Mindy Baumgartner — a crafty physicist in love with the sky
Not explaining science seems to me perverse. When you’re in love, you want to tell the world. — Carl Sagan
Artist Mindy Baumgartner’s favorite scientist is Carl Sagan. This comes as no surprise to anyone familiar with her work. Coming across her masterfully painted watercolor galaxies and cosmologic dreamscapes, one is immediately transfixed by her love for science and the uncontrollable need to share it with the world.
Mindy, also known as the Crafty Physicist on Instagram, Etsy and the Chicago crafting communities, is a multi-talented artist and scientist. Her passion for Astronomy started by staring at the sky in the Upper Peninsula of Michigan: “We had nice dark skies, so my parents would wake me up in the night for celestial events… things like meteor showers, eclipses, and the aurora borealis. That’s where my love of the night sky (and science) began to grow.” And more than the sky itself, she found her path by talking about it. “I loved talking to others about science. I loved the look on their faces when you shared some amazing science fact with them. I loved to think about how they’d go and share that fact with someone else… that maybe that fact would spur them on their own journey for discovery.”
After obtaining a degree in Physics, with minors in Museum Studies, Mindy launched into a successful career as a science educator in science museums. She learned communicating science effectively, getting “comfortable being uncomfortable”, and “learning to have fun communicating with others”.
All these skills remained useful even after she stopped working at science museums and started the new adventure of building her family. But Mindy found it was impossible to leave the joy of communicating science behind. She needed to “connect creatively with other about science”, and thus she started lettering science fact and quotes. It was then, in 2017, that Crafty Physicist was born.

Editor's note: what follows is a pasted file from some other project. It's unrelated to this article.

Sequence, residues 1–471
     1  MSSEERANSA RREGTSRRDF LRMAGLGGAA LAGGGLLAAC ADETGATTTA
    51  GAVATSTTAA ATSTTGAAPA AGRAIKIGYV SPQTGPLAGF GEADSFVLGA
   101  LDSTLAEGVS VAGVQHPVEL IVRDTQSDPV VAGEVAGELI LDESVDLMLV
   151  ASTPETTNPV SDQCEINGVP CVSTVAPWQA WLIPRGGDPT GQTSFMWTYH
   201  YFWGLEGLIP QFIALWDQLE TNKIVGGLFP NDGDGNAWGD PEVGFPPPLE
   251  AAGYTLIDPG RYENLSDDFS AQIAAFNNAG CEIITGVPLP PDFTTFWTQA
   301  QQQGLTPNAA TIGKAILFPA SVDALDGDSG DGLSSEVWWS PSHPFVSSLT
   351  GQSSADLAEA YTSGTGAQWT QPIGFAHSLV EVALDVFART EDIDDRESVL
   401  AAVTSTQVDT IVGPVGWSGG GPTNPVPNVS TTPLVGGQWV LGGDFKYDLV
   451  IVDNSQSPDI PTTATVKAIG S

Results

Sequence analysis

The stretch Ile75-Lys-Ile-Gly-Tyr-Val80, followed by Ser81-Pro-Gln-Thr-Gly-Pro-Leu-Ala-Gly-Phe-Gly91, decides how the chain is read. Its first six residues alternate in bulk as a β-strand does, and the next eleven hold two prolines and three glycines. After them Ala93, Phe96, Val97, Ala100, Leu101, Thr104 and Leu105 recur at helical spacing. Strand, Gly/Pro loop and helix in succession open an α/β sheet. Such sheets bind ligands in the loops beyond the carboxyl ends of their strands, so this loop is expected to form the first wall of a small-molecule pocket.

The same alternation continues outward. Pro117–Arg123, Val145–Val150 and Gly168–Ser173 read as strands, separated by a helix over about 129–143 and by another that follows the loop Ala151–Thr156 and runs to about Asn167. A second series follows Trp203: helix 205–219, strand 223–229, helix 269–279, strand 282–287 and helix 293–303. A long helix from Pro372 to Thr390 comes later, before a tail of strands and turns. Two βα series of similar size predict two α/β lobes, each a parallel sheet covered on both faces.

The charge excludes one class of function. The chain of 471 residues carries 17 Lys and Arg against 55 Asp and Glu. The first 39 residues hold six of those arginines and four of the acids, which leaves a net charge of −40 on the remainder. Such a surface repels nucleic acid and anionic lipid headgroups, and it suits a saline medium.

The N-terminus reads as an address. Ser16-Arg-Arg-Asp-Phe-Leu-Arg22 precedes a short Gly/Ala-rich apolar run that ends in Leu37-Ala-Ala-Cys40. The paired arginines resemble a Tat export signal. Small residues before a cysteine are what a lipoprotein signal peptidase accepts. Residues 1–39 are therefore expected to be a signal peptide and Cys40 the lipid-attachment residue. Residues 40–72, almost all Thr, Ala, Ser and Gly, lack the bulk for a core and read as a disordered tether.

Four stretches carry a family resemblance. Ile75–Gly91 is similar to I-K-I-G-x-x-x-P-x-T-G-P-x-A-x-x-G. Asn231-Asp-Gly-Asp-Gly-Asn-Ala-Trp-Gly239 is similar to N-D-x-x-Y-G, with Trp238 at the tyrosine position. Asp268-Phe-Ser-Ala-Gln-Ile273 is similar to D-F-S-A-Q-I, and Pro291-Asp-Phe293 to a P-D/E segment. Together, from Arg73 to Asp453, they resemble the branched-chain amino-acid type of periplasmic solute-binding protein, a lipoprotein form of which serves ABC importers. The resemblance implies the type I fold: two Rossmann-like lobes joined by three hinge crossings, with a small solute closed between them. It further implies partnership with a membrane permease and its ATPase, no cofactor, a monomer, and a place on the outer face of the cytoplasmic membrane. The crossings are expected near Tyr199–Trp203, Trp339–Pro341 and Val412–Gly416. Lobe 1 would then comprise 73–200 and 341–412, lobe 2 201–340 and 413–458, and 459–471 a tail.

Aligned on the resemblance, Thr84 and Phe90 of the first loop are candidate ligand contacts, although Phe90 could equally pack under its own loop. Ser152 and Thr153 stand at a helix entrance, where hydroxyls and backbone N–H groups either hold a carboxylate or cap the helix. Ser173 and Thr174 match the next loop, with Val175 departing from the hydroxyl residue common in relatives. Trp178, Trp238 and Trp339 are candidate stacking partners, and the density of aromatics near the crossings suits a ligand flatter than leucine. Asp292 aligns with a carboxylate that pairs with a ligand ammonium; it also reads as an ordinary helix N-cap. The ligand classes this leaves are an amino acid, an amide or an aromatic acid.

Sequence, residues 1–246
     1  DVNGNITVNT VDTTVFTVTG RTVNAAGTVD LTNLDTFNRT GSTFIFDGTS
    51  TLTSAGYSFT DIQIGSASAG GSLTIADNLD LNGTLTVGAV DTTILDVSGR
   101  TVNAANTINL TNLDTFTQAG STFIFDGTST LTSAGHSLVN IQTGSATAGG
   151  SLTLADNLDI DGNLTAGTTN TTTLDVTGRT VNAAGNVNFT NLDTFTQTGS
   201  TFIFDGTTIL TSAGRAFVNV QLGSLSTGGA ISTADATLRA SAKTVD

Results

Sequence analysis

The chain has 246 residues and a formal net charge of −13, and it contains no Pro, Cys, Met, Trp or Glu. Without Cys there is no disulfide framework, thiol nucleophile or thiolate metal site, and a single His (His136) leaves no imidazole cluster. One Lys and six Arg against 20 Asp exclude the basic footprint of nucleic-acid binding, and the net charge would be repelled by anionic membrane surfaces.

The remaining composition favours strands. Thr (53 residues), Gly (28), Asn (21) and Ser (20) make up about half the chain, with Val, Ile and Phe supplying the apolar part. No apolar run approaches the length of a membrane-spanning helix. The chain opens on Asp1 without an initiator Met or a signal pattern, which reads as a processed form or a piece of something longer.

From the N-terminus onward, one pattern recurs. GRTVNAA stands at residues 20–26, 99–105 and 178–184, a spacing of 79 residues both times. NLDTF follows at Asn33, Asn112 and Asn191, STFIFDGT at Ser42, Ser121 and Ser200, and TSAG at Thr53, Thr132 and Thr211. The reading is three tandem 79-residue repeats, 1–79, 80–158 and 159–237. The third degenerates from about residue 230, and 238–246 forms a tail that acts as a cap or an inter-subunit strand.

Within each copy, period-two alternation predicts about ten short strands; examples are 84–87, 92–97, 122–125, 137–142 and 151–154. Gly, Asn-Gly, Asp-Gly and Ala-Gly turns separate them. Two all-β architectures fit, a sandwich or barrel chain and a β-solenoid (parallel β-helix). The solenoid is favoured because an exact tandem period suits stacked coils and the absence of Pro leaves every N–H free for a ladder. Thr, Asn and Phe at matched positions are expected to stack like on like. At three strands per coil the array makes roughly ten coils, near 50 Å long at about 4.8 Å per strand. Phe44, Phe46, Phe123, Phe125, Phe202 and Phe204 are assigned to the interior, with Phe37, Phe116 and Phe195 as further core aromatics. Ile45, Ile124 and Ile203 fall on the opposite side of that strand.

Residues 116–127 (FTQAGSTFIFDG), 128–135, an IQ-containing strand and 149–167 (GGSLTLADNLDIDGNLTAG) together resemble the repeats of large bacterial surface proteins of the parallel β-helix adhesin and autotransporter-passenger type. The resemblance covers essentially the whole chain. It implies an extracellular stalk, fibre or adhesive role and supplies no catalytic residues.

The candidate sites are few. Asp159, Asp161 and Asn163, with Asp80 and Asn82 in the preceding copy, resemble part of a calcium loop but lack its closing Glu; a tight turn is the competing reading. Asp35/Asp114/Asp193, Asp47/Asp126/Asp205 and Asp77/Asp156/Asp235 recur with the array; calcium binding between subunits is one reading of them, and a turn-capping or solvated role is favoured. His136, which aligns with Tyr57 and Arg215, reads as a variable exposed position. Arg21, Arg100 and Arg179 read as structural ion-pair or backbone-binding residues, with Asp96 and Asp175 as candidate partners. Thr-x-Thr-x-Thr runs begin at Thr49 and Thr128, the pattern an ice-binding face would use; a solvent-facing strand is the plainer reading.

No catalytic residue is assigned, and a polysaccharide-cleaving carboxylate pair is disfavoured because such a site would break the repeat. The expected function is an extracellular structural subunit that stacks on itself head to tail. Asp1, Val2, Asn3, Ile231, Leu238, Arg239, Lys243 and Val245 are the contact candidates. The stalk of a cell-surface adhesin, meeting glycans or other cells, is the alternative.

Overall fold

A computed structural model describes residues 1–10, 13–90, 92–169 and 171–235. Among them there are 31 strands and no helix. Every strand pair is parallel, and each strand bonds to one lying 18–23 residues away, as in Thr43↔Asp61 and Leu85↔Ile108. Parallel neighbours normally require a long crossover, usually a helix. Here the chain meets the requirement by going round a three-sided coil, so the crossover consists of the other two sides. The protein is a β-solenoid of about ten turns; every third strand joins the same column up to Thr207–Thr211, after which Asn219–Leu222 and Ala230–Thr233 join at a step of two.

Watercolor is like a science experiment every time you put paint to paper. The amount of water, the minerals in the paint, the absorption of the paper… every time you change one of those factors, your output can change dramatically, and I love that.
In time, she developed new skills. Today, her portfolio is vibrant and variegated. It includes lettering pieces, watercolor nebulas, mixed media pieces that include printed textile and paper collages.
She experiments with new media with the same curiosity a scientist does with their research. “Watercolor is like a science experiment every time you put paint to paper. The amount of water, the minerals in the paint, the absorption of the paper… every time you change one of those factors, your output can change dramatically, and I love that. I love the tactile nature and dimensionality of paper-cutting and embroidery. Adding lettering to any piece gives an additional layer of emotion.”
She never left her roots, and all of her work continued to draw inspiration from science. Nor she left behind her mission as a science educator. “I want to bring people in with beautiful imagery and then sneak in a fact or two, or get them thinking about their place in space. I want people to feel more comfortable with science and appreciate what it has to offer and how they can connect with it. Art has been an unconventional and wonderful tool for doing that.” She told us.
Art and science are ways of looking at the world, one more analytically and one more emotionally, but by combining the two in sci-art, we get this beautiful view of the human experience.
When asked why she only focuses on #sciart, instead of broadening to other subjects, she replied: “I make science art, because that’s what moves me. I find science beautiful and I am driven to share that view with others. My goal with my art is for others to find a connection with and appreciation for science. I want to break down the barrier that science is just for scientists. […] Art and science are ways of looking at the world, one more analytically and one more emotionally, but by combining the two in sci-art, we get this beautiful view of the human experience.” These are just a few of the inspiring insights we got by talking with the artist. You can read the full interview here.
More exciting adventures are on the horizon for Mindy. She is working on setting up Science Craft Nights in the Chicago area. Her vision sees her teaching craft skills to attendees, while a scientist gives a lecture in the background. You can follow her work, and her future endeavors, on social media (@craftyphysicist on Instagram) and on her website.